Ugandan police occupy paper for 9 days over letter
KAMPALA, Uganda (AP) — Ugandan police arrested at least two activists and used tear gas to disperse others protesting the government’s seizure of the newspaper that published an army general’s letter about an alleged plot for the president’s son to succeed him, a rights group said Tuesday.
The police seized the Daily Monitor’s operations nine days ago and said they would leave the newspaper’s premises only after getting a copy of the letter in which Gen. David Sejusa urged the internal security service to investigate reports that those opposed to the political rise of President Yoweri Museveni’s son risk assassination.
The leader of an activist group that attempted to stage the protest at the newspaper’s premises said two of his staff had been arrested by police.
“They have tear-gassed us and they have beaten many of us,” said Wokulira Ssebaggala of the Human Rights Network for Journalists-Uganda. “The police have left us with no option but to go and camp (at the newspaper’s premises). Our message is that the police are there illegally.”
Ssebaggala said he was also briefly detained by police before being freed.
The newspaper has resisted efforts to give a copy of the letter to police who say it’s a crucial piece of evidence in ongoing investigations against Sejusa, a four-star general who is accused of talking politics despite rules that bar serving army officers from engaging in partisan activities.
“We shall vacate when we get what we want,” police chief Gen. Kale Kayihura told reporters late Monday.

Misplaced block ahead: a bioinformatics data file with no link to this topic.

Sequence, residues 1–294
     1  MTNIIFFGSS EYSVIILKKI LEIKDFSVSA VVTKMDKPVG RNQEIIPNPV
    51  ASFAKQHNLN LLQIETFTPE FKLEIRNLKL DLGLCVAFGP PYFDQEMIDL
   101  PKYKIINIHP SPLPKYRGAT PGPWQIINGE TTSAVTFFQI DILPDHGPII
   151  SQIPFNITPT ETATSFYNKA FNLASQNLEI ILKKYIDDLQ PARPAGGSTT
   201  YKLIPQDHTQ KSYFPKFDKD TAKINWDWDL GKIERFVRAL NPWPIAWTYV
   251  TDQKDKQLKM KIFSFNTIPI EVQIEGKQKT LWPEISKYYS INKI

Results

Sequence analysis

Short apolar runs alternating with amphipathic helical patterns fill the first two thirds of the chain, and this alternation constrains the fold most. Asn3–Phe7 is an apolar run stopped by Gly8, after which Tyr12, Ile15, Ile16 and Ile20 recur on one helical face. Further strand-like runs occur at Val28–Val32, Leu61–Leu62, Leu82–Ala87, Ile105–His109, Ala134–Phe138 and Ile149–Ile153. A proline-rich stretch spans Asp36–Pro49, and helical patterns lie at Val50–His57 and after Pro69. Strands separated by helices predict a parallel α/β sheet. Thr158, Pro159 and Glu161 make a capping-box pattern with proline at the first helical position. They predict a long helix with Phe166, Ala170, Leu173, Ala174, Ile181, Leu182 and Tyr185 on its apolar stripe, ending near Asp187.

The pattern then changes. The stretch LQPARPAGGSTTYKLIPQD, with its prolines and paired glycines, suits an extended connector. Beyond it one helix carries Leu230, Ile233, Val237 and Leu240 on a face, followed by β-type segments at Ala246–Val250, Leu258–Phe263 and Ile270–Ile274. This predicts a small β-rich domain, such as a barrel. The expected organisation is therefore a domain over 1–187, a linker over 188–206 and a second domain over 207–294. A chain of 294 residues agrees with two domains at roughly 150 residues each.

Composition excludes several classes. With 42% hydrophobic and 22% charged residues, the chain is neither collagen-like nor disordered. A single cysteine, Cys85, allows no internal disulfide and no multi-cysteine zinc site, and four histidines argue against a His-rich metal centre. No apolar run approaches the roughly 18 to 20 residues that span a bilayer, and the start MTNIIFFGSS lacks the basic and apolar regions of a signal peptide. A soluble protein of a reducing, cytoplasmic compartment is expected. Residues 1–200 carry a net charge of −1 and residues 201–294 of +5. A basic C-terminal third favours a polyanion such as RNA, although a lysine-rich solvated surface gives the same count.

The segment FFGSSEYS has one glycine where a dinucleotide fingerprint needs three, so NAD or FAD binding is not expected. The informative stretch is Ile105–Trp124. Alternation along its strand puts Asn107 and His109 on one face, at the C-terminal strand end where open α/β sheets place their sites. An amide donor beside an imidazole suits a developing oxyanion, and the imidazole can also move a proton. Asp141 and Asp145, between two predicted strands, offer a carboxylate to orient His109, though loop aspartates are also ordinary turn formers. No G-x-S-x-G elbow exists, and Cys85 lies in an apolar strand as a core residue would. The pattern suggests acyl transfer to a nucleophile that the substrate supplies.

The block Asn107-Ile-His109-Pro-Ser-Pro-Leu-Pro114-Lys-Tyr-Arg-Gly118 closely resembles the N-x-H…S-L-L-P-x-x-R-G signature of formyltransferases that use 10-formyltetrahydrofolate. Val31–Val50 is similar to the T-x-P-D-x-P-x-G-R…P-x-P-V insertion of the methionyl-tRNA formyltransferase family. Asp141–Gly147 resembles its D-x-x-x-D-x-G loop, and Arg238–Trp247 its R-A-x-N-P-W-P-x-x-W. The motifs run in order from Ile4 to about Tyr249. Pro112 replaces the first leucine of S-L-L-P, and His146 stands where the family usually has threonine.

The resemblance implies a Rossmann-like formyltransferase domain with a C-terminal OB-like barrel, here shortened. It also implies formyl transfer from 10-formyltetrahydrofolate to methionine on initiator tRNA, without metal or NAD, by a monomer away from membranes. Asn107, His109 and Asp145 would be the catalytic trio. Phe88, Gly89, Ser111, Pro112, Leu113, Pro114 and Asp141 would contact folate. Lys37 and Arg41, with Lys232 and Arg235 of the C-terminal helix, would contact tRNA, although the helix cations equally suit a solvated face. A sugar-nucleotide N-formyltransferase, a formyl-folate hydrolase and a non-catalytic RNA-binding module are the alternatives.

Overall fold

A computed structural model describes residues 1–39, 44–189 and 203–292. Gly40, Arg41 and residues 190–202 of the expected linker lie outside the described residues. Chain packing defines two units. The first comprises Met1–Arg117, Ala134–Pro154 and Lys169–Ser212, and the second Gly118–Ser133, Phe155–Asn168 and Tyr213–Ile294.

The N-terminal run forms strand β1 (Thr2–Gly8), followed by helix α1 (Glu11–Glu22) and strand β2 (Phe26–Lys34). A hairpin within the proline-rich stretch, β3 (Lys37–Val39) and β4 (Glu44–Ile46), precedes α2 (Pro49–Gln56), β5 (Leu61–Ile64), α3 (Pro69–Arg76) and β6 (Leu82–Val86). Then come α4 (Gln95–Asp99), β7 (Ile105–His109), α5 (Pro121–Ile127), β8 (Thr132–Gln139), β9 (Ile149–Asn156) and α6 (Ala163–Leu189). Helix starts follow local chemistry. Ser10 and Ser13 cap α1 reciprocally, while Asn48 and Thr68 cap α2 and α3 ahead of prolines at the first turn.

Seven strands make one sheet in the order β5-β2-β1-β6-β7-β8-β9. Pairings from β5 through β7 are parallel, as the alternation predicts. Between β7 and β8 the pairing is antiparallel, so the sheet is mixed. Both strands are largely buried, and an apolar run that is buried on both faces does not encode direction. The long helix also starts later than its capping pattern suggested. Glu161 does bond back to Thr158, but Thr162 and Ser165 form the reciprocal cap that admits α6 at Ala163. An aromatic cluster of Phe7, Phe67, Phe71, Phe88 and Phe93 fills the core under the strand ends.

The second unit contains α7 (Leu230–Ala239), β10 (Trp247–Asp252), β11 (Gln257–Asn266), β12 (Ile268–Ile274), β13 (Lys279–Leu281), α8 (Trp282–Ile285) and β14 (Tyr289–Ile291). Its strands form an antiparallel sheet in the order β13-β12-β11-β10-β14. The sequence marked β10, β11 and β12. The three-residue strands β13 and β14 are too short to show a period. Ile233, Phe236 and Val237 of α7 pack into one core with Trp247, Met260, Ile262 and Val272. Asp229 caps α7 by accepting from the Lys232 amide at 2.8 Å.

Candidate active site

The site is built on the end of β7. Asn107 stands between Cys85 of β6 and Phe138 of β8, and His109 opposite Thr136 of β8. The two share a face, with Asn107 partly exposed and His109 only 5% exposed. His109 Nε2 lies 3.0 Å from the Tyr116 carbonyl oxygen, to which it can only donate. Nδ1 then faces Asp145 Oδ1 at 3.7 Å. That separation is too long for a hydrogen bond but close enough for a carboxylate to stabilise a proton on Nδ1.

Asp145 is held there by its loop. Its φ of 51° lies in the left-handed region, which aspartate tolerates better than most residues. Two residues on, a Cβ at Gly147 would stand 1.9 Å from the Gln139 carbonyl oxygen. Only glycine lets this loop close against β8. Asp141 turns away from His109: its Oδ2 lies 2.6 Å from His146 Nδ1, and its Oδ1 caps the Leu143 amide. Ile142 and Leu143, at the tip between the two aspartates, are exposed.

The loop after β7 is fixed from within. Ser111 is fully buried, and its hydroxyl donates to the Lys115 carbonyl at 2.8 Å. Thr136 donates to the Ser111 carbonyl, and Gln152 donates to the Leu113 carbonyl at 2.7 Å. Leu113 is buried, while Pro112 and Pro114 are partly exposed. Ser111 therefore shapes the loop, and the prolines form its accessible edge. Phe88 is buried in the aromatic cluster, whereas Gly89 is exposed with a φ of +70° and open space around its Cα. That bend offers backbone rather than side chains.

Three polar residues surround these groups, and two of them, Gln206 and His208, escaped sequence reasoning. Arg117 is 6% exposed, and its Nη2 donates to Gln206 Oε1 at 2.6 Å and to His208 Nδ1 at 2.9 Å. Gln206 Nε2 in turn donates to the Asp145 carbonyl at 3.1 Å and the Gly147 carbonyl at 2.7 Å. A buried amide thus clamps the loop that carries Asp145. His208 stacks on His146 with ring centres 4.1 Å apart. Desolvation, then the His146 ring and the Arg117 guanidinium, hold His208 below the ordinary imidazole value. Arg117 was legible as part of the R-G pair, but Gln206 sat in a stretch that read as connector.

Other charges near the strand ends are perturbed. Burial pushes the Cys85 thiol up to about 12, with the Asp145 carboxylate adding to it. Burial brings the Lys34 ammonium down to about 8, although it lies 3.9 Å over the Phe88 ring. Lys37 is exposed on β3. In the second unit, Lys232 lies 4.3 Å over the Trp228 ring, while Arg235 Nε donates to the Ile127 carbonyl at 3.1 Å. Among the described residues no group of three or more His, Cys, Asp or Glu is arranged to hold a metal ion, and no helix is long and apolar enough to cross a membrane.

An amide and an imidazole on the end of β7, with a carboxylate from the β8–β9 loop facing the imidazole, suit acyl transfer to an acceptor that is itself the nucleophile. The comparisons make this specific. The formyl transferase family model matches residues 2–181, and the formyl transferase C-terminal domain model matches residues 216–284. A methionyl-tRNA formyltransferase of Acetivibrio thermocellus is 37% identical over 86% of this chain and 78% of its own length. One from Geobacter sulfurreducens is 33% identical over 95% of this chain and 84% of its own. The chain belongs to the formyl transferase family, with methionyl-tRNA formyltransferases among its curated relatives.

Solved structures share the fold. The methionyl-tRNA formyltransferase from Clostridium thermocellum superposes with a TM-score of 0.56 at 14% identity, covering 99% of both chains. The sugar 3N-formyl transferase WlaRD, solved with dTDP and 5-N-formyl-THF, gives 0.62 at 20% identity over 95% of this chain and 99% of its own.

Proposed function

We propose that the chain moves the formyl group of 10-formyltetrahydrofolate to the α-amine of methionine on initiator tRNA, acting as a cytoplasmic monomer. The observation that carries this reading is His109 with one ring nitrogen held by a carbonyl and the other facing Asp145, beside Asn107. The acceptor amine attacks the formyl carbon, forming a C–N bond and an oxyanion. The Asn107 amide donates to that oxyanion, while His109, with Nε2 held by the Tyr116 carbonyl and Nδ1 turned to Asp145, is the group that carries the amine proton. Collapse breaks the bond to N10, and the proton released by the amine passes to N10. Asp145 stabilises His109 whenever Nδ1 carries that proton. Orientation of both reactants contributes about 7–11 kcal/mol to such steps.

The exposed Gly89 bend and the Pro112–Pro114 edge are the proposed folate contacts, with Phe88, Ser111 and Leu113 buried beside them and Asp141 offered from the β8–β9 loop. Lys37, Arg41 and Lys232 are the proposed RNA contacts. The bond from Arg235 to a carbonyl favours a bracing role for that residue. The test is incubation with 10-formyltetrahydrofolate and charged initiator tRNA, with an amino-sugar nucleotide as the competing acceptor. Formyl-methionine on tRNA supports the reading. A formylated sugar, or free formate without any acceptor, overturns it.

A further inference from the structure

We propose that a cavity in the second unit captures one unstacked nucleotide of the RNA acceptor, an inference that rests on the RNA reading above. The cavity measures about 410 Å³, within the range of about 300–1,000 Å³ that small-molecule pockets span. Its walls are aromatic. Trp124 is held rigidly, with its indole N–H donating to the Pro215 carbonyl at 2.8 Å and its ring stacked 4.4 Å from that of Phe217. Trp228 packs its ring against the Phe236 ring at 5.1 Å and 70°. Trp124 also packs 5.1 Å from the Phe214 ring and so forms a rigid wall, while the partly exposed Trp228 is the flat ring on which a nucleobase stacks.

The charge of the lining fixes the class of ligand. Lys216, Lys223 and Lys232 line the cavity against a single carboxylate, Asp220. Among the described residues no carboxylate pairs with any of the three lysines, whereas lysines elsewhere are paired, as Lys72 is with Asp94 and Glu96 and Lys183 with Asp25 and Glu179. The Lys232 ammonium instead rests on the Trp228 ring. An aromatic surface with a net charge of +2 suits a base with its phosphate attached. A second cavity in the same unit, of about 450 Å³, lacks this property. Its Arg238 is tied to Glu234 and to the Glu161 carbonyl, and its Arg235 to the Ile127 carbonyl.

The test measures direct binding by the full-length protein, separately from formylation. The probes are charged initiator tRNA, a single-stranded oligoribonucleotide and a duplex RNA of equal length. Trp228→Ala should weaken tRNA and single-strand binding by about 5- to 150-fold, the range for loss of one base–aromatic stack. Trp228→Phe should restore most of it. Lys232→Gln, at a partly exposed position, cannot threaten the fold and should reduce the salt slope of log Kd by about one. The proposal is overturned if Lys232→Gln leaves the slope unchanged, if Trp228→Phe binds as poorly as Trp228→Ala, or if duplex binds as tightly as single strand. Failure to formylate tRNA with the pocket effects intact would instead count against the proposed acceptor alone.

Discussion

Watchdog groups including Human Rights Watch and Amnesty International have condemned the police’s actions against the newspaper.
“These are acts of impunity,” said Livingstone Sewanyana, a Ugandan activist who runs a rights think tank called the Foundation for Human Rights Initiative. “It’s part of a worrying trend that all independent voices and alternative views will be silenced.”
The daily’s printing press was disabled last week.
A lawyer for Sejusa said his client, who was traveling in London when details of his letter were made public, has since canceled a scheduled trip back home and will extend his stay there by at least three months.
Ugandan lawyer Joseph Luzige said Sejusa had asked for —and been granted —the protection of British police after receiving a credible report of a threat to his life. Luzige said on Monday that Sejusa believes Ugandan undercover agents with sinister intentions are trying to locate him. Okello Oryem, Uganda’s deputy minister of foreign affairs, said Sejusa’s claims of a plot to kill him are “rubbish.” British officials said they had no comment on this case.
With Sejusa away, the newspaper that published his concerns has come under pressure to explain how it obtained a copy of the letter that has exposed a rift among the military elite over the first son’s growing influence in the army. Museveni, who has held power for nearly three decades, has never said he sees his son as his political heir. But the son, a senior army officer named Muhoozi Kainerugaba, has been rapidly promoted over the years, leading many here into believing he is being groomed for high office. Kainerugaba is now a brigadier with full command of the country’s special forces, an elite group within the military that protects the president and guards national assets such as oil fields.
The Sejusa case has riveted many in this East African country that once was prone to violent takeovers of power but which has seen relative stability under Museveni. But the president now faces growing pressure within and outside his party to retire when his current term expires in 2016. Some say Sejusa, a decorated hero of the bush war that brought Museveni to power in 1986, may be positioning himself to become of the leader of those within the military who want to discourage Museveni from hanging onto power.
More than two weeks after Sejusa’s letter was leaked, Museveni announced changes in the military that saw the ouster of army chief Gen. Aronda Nyakairima and his deputy. Nyakairima, who had been cited in Sejusa’s letter among those opposed to the rise of the first son, was given a civilian post as interior minister. His deputy, Lt. Gen. Ivan Koreta, was made an ambassador.